Posted by: Lizzie Ross | October 6, 2010

Small is good

Art Dealer's Studio, EGR, 1998

Today’s question on the NAIWE Great Books Week Blogging Challenge has to do with memory and childhood: What childhood book captured my imagination?

How do I define “capture my imagination”? It’s the feeling I get when I’m pulled into the text. The characters and stories ring true, no matter how fanciful or other-worldly, and the world itself, built by the author, is so appealing that I want to live there. I want to be that main character (or at least her best friend) and continue the story after the last page. (This feeling is, no doubt, the impetus for fan fiction — we don’t want those books to end; we want those worlds to keep going, and we want to follow those characters through lives that are eternal.)

To answer today’s question, I ruled out books illustrated by my favorite classic kiddie-lit artists — Howard Pyle, NC Wyeth, Kay Nielsen — since it’s the illustrations that stuck with me, more than the stories (although RL Stevenson’s Kidnapped is still a rousing tale).

I’ve also ruled out the classics — Peter Pan, Winnie-the-Pooh, Alice in Wonderland, The Wizard of Oz. All are comforting and comfortable, but they never had worlds I wanted to live in. I have strong memories of my siblings and me, crowded onto the couch around our father, as he read aloud to us. A chapter a night, before bedtime. Very Norman Rockwell and home-y, but not the stand-out response to the question.

So, as I think of all the books I devoured as a child, there were two series that held me then, and still do: Anne of Green Gables, and The Borrowers.

Yet Anne’s world, although lovely (PEI is a gorgeous island — everyone should go there before it becomes overly Anne-ish), is too prosaic. Romantic, but not enthralling.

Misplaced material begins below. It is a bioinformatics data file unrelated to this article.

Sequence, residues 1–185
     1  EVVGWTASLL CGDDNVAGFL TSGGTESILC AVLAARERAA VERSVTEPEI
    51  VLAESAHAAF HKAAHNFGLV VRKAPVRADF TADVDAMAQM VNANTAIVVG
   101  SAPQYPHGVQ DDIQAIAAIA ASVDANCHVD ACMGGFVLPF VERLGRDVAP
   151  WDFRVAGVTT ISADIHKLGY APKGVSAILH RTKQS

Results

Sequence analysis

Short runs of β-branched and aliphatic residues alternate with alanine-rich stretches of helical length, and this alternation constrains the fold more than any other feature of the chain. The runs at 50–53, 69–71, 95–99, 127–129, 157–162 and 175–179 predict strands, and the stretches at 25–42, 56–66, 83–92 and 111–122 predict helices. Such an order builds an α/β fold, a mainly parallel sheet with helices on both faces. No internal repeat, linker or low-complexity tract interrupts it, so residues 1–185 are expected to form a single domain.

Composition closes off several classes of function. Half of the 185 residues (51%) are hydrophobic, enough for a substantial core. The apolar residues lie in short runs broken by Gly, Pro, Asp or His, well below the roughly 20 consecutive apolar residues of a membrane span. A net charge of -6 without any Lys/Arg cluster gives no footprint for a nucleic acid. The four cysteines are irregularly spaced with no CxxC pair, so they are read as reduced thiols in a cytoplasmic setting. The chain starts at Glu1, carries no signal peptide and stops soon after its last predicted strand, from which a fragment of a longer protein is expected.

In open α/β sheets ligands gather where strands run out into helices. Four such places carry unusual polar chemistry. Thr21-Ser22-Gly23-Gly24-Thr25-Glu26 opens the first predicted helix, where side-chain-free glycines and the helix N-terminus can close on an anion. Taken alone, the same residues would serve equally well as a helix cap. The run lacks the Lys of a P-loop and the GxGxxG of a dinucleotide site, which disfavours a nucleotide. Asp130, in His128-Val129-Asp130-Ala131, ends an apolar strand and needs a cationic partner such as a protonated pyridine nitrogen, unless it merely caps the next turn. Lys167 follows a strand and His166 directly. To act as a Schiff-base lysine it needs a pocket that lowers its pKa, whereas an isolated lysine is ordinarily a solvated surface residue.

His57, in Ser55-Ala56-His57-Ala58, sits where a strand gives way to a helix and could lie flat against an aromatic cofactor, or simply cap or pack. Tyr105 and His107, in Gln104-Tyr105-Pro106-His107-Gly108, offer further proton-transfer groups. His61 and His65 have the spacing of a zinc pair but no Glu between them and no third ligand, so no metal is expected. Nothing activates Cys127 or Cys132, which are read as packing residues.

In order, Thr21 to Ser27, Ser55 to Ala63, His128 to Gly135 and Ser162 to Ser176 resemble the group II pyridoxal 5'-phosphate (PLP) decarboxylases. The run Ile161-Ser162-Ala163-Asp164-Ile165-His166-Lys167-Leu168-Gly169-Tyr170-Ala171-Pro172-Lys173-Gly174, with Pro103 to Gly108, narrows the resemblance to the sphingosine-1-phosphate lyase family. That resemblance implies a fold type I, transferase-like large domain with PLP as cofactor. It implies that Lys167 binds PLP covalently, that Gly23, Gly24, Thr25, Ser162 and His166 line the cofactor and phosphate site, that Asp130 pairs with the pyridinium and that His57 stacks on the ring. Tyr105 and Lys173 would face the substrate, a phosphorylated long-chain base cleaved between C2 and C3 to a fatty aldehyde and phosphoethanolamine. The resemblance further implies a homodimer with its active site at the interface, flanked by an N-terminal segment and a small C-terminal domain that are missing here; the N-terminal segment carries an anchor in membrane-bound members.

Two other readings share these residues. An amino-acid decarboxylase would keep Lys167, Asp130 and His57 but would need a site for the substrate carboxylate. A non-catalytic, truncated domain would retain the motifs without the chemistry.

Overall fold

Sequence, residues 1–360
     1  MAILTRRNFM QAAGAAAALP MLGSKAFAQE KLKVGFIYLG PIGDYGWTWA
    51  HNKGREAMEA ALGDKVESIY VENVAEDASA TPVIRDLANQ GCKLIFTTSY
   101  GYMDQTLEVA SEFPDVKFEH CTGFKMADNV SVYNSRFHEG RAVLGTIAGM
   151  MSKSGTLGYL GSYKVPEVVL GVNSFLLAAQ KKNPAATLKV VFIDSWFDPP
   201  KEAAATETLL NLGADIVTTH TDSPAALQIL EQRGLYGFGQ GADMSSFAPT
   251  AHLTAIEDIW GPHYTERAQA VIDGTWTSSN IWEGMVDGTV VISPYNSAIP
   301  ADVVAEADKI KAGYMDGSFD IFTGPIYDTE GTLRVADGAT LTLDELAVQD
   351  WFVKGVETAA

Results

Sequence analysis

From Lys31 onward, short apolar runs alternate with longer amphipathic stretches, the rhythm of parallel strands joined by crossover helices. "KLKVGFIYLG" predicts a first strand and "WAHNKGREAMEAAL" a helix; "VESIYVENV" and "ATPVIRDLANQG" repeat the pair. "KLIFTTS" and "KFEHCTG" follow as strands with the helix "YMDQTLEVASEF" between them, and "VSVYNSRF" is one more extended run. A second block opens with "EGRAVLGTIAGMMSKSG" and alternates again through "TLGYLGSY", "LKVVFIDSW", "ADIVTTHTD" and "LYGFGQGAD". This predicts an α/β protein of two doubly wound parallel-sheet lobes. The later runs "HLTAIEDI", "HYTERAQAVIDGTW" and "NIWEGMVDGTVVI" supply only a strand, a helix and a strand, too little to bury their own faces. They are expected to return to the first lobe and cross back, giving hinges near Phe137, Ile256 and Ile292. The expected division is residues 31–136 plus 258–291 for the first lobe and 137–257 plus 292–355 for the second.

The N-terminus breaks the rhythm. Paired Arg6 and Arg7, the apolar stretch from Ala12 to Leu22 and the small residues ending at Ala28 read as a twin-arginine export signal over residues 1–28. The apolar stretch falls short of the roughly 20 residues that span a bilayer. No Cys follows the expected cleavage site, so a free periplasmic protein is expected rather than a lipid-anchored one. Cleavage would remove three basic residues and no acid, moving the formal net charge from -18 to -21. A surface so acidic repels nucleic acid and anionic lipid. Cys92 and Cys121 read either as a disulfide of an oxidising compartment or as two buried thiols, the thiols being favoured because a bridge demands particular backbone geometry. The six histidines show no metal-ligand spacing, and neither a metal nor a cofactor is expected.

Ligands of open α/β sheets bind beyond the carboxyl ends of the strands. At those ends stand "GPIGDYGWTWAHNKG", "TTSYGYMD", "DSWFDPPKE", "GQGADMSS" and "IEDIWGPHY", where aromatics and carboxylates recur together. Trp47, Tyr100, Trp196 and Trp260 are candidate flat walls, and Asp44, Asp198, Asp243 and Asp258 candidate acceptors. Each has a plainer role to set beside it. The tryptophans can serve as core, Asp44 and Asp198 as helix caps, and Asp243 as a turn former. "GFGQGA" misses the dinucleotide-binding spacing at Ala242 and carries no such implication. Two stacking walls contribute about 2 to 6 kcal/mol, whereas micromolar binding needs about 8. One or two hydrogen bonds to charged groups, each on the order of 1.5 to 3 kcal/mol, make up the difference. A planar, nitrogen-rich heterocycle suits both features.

But the world Mary Norton created for her Borrowers! (See an earlier post on my blog for more info about the series.) When I first read these books, I was convinced that Borrowers actually existed. Then I came to my senses and only wished with all my heart that they did. If I couldn’t be a Borrower myself, then I wanted to have a Borrower family living in my house.

This may account for my interest in miniatures. As I built and furnished tiny rooms, I imagined Pod, Homily and Arrietty exploring them and taking what they could use. That these characters thrived within my imagination for 4 decades puts them at the top of the list of books that answer today’s question.


  1. I love the details of your room-like the American Indian flute player on the left.
    So cute! Wish, I could work and paint there;-)

  2. That flautist is Kokopeli.

  3. Well, this got me thinking. Maybe Hobbits, maybe Anne McCaffrey’s books. Interesting. And were from the same family!

  4. Don’t know McCaffrey. Have I missed something important?

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